2. Standing by rigid accounts receivable structures that do not reflect local market realities
It has always been challenging for multinational technology companies to maintain consistent accounts receivable standards while being flexible about local deviations. The bigger the global footprint of a technology company is, the more complex the standardisation of accounts receivable processes tends to become. The need to maintain control over this complexity could manifest itself in rigid processes and excessive layers of bureaucracy.
The biggest problem of inflexible accounts receivable processes is that they are designed primarily for advanced markets' specifications and not the actualities of collecting receivables elsewhere. The structures that worked previously in a few markets may not work at all in new markets where not only the customers but also the staff have completely different methods of operation. An unduly cautious or one-size-fits-all approach may not work either in local instances where nuances and subtleties are required.
For example, following hundreds of pages of accounts receivable guidelines may not be a problem for most advanced markets, but likely be a major stumbling block to conducting accounts receivable activities in emerging markets. This unnecessary complexity can render accounts receivable operations in local subsidiaries unproductive and leave them in limbo. Other consequences of inflexible accounts receivable structures range from ineffective communication with debtors, inadequate responses to debtors' circumstances, to write-offs or abandonment of accounts receivable that can still be collected.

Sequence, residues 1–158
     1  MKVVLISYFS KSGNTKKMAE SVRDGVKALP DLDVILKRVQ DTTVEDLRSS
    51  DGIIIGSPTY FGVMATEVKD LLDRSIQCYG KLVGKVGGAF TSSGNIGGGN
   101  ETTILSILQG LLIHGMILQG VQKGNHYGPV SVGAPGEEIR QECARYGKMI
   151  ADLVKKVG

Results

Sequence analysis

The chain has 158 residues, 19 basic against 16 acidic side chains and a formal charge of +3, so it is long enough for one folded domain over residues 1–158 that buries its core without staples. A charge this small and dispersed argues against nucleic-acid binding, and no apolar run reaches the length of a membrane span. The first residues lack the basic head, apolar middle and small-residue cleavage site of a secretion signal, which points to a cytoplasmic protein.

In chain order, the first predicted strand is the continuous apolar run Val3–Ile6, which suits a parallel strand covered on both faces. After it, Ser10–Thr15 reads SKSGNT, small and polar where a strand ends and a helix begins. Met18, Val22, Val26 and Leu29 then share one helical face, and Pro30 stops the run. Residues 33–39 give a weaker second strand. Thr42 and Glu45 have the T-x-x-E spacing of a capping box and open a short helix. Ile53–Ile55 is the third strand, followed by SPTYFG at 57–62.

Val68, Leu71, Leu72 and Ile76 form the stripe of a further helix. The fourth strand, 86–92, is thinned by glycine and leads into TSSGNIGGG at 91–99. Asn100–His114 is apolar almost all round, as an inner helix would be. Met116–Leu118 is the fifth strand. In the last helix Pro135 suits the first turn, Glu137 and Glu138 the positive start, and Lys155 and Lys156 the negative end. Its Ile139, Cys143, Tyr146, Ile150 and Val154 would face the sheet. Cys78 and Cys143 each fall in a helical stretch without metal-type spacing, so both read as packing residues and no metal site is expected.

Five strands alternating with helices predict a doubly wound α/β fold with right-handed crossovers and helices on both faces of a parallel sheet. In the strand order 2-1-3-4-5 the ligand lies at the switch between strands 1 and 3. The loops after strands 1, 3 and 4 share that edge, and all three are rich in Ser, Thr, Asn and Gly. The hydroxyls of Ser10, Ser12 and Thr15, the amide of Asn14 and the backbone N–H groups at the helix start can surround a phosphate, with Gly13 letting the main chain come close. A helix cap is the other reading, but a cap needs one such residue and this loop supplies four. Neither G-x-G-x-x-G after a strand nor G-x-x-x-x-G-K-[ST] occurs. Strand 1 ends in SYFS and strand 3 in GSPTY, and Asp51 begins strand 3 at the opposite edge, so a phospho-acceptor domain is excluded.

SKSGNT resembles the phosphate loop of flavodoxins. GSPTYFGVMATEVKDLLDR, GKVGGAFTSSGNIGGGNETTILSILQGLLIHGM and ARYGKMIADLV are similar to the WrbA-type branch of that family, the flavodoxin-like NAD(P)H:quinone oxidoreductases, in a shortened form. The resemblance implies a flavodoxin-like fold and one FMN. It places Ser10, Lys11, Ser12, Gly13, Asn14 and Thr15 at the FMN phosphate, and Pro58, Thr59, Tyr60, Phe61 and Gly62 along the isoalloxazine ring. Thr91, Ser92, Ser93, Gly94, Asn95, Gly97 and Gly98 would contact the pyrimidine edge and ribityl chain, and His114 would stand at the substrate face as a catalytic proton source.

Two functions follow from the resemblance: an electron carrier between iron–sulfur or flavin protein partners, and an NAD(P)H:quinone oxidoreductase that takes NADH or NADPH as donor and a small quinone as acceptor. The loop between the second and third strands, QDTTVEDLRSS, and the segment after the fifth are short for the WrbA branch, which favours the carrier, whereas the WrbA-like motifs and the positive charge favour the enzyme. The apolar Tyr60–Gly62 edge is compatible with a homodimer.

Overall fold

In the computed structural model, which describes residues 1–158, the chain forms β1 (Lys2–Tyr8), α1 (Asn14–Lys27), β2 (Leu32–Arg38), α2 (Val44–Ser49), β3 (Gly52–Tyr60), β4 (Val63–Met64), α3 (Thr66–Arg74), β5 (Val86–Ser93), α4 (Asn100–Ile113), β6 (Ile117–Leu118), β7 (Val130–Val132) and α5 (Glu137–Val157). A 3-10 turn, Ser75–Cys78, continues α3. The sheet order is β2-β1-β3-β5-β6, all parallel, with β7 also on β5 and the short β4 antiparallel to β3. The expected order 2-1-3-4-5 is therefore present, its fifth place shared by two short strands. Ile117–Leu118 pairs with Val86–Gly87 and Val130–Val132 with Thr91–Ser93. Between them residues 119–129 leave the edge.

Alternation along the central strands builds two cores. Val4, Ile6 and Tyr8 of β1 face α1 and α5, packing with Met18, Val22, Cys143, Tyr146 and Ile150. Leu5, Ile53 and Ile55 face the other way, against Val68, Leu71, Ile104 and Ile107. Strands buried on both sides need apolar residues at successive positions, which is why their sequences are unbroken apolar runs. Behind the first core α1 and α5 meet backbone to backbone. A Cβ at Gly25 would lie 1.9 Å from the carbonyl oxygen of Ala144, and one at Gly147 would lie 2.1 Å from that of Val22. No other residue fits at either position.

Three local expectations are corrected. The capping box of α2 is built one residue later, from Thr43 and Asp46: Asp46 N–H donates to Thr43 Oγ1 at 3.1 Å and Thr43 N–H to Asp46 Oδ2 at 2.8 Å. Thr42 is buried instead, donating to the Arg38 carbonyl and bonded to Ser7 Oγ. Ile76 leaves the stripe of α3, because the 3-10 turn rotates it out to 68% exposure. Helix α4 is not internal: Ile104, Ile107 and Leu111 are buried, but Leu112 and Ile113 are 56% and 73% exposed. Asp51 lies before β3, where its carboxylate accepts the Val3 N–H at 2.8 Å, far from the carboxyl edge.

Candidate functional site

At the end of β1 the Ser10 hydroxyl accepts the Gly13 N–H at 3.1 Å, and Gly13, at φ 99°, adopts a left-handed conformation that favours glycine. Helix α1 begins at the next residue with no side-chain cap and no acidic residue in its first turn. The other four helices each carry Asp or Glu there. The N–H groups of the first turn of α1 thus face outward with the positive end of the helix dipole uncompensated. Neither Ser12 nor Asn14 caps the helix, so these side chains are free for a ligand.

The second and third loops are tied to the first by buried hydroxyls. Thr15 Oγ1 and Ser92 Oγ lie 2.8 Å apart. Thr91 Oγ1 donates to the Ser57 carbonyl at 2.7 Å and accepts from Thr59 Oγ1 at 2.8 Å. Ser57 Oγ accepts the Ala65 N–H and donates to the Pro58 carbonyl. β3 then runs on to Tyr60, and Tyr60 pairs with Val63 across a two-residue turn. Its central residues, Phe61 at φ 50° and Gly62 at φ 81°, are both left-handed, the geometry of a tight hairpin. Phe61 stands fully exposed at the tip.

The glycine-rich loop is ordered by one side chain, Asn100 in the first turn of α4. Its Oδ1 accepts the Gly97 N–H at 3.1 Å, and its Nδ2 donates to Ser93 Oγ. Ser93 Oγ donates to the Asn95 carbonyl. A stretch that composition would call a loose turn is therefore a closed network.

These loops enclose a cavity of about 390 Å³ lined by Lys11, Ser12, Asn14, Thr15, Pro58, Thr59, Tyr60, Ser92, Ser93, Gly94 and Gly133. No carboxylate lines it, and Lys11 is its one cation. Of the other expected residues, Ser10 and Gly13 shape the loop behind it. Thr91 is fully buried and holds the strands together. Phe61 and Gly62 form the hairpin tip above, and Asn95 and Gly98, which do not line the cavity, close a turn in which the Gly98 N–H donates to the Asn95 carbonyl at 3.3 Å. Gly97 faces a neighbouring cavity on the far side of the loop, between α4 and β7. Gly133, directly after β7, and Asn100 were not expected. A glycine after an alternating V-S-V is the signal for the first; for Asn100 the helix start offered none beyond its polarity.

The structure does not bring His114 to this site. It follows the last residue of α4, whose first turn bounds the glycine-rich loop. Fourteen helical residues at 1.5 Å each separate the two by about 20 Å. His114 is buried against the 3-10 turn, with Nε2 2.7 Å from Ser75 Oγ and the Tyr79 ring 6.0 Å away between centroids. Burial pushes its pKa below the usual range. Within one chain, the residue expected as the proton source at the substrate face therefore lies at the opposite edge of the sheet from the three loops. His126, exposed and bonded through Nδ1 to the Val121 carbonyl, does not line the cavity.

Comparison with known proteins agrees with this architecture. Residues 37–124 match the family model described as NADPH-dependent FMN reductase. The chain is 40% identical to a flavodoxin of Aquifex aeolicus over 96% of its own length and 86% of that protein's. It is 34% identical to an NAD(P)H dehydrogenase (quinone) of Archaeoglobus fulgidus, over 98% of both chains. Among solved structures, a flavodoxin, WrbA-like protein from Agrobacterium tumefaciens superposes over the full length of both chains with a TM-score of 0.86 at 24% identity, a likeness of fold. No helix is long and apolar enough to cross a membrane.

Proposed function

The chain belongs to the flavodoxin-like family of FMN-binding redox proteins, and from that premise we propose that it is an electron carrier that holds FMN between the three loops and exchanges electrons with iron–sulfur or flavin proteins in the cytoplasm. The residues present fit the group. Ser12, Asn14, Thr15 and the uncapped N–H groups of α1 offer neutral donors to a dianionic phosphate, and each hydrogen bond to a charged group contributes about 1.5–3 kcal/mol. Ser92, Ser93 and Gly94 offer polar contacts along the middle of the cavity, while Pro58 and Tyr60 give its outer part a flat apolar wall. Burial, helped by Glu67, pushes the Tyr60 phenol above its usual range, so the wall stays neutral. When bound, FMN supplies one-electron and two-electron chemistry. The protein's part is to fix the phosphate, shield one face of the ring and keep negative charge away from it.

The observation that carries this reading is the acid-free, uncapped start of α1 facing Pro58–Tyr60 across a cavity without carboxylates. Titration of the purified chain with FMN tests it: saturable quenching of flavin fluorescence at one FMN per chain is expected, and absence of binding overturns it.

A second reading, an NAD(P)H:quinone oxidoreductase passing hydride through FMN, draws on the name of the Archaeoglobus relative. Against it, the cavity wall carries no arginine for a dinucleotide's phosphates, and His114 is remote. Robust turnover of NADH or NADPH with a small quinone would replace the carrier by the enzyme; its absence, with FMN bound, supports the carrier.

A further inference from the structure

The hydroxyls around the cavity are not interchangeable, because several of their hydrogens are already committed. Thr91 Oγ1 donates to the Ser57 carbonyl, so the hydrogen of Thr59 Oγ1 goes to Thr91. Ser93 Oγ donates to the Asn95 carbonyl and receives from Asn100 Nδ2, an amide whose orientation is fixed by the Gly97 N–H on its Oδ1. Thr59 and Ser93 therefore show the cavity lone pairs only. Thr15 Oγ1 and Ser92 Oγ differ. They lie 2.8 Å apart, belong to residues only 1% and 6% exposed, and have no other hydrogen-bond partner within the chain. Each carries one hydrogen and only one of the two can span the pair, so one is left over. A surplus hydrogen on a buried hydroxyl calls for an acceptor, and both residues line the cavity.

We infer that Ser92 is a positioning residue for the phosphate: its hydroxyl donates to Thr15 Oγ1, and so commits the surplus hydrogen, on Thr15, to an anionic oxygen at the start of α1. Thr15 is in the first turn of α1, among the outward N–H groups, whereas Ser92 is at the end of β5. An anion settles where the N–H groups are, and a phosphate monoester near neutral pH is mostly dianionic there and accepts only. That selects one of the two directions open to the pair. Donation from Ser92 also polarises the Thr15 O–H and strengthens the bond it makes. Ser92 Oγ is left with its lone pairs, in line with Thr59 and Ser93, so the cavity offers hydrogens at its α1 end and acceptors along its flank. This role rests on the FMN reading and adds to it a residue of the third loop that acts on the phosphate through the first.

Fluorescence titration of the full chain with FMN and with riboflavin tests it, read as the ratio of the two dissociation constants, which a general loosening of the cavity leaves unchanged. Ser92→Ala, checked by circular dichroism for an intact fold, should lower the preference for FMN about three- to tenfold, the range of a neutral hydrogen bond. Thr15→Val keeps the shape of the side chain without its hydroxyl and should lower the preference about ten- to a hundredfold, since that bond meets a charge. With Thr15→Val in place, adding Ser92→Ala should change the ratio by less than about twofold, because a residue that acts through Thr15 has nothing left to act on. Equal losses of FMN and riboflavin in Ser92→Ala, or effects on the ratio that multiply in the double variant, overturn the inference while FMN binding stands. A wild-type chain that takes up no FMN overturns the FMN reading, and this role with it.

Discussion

To avoid survivorship bias, technology multinationals should look at local accounts receivable that were written off or ignored for a long time. By examining what went wrong and assessing what could be done better, they can ascertain the exact processes or approaches that should be localised to enhance their accounts receivable. They can also assign the accounts receivable processes in question to the four groups above and judge if it is worth sustaining them. Processes that fall into the first two groups (mandatory or highly valuable), such as compliance with local and international laws or transparency in default risk, should be streamlined with a low degree of standardisation. Global technology companies could end up with distinct processes per country, but that is not a problem as long as they all work towards the same goal.
The trade-off between global accounts receivable structures and their local variances can differ significantly amongst countries and regions. Therefore, it is essential to strike a balance between what has to be congruous with headquarters and what could be flexible in reflecting the accounts receivable realities of local subsidiaries. Multinational technology companies need to adapt their accounts receivable operations accordingly to capture the full value of their global organisations.